For modern mobile robot platforms, dependable and embedded perception modules are important for successful autonomous operations like navigation, visual servoing, or grasping. Especially 3D information about the area around the robot is crucial for reliable operations in human environments. State-of-the-art sensors such as laser scanners or time-of-flight methods deliver 3D information, that is either rough or has low resolution with respect to time and space. Stereo vision is a technology that is well suited for delivering a precise description within its field of view. Stereo is purely a passive technology that primarily uses only two cameras and a processing unit to do the matching and 3D reconstruction. However, for extracting dense and reliable 3D information from the observed scene, stereo matching algorithms are computationally intensive and require a high-end hardware resources. Integrating such an algorithm in an embedded system, which is in fact limited in resources, scale, and energy consumption, is a delicate task. The real-time requirements of most robot applications complicate the realization of such a vision system as well. The key to success in realizing a reliable embedded real-time-capable stereo vision system is the careful design of the core algorithm. The trade-off between execution time and quality of the matching must be handled with care and is a difficult task. The definition of the term real-time by Kopetz  which means that a task has to be finished within an a priori defined time frame is extended in this work. Additionally, demands on fast (at least 10 fps), constant, and scene-independent processing time are made. In this paper the challenge of fast stereo matching suitable for embedded real-time systems is tackled. An adapted, high speed and quality stereo matching algorithm especially optimized for embedded systems is presented. Furthermore, an evaluation of the results using the Middlebury stereo evaluation website and real-world scenarios is given and experimental results of reference implementations on a Personal Computer (PC), a Digital Signal Processor (DSP) and a Graphics Processing Unit (GPU) are presented. The remainder of this paper is organized as follows: Section 2 introduces a summary of the fundamentals of stereo vision and the state-of-the-art in stereo matching algorithms. Section 3 gives a detailed description of the proposed real-time stereo engine. The algorithm’s parameters are analyzed in detail in Section 4 and Section 5 shows the reference implementations on a PC, a DSP and a GPU. Finally, Section 6 presents evaluation results of our algorithm and Section 7 concludes the paper and gives an outlook to future research.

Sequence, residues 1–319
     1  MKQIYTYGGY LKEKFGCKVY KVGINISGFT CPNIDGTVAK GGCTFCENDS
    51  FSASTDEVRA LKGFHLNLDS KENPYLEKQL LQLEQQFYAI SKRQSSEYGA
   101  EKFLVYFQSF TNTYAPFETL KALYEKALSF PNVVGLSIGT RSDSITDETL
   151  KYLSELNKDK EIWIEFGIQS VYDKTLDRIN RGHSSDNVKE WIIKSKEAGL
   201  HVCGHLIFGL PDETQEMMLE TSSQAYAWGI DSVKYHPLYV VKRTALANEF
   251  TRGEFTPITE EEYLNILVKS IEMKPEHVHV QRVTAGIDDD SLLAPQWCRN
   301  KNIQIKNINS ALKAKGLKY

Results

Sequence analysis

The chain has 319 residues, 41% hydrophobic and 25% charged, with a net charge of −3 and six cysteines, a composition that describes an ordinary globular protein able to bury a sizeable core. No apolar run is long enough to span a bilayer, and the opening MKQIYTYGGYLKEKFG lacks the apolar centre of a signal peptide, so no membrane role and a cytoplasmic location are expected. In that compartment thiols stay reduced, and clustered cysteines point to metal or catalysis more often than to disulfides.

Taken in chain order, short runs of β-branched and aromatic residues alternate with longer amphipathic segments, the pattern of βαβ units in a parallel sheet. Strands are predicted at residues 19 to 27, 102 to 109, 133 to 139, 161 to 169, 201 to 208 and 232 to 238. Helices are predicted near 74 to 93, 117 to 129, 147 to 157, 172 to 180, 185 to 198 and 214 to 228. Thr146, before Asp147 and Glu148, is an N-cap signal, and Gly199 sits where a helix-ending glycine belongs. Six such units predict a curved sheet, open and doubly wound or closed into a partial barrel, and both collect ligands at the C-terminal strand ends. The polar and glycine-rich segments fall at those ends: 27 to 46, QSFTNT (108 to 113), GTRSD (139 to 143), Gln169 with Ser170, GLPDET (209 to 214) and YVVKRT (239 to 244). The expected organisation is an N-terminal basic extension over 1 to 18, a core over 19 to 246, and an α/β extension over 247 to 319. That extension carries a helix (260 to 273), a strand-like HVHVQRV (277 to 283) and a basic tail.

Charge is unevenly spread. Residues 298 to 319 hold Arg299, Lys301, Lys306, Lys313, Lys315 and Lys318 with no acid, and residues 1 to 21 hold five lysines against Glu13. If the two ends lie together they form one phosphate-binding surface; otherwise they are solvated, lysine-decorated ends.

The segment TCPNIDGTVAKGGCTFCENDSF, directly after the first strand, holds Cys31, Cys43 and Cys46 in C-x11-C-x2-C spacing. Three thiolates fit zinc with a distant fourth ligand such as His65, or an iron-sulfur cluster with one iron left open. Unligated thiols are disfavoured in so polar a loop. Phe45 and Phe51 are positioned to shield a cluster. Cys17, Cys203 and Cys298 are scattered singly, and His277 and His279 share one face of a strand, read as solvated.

نتیجه گیری انگلیسی
After a general overview of stereo matching algorithms and systems, in this paper an algorithm for fast, Census-based stereo matching on embedded systems is presented. Because of the gain in processing time and the insignificant loss in quality, a sparse Census transform is used. The algorithm has been implemented on a PC, a GPU and a DSP. All implementations, aside from the plain software, reach real-time performance, whereby the GPU is by far the fastest but has the highest power consumption. The resulting disparity maps are evaluated on the Middlebury stereo website and perform well in comparison to other real-time algorithms. Especially in terms of processing time, the proposed algorithm outperformes the other real-time algorithms. The algorithm and its according reference implementations have several strengths. First of all, the proposed algorithm achieves high performance on several, including resource-limited, systems without losing good quality of stereo matching. The algorithm itself is robust, easy to parameterize and it delivers a good matching quality under real-world conditions. The implementations offer high flexibility in terms of image dimensions, disparity range, image bit-depth and frame rates, enabling the use of a wide variety of camera hardware. As a pure software solution, for embedded and non-embedded systems, it is able to run on a broad spectrum of COTS platforms which enables cost efficient stereo sensing systems as well as the integration of additional functionality in existing platforms. Especially at disparity discontinuities, object borders and textureless areas, an improvement of the proposed algorithm would be of interest. Therefore, an integration of advanced matching techniques, such as global optimization approaches, will be investigated to improve the quality of the algorithm. Furthermore, a more sophisticated costs aggregation strategy could lead to better results. Indoor environments often suffer from difficult lighting conditions, so high dynamic range cameras will be used in the future to capture stereo image pairs. A processing time improvement for DSPs can be achieved by the use of upcoming multi-core DSPs.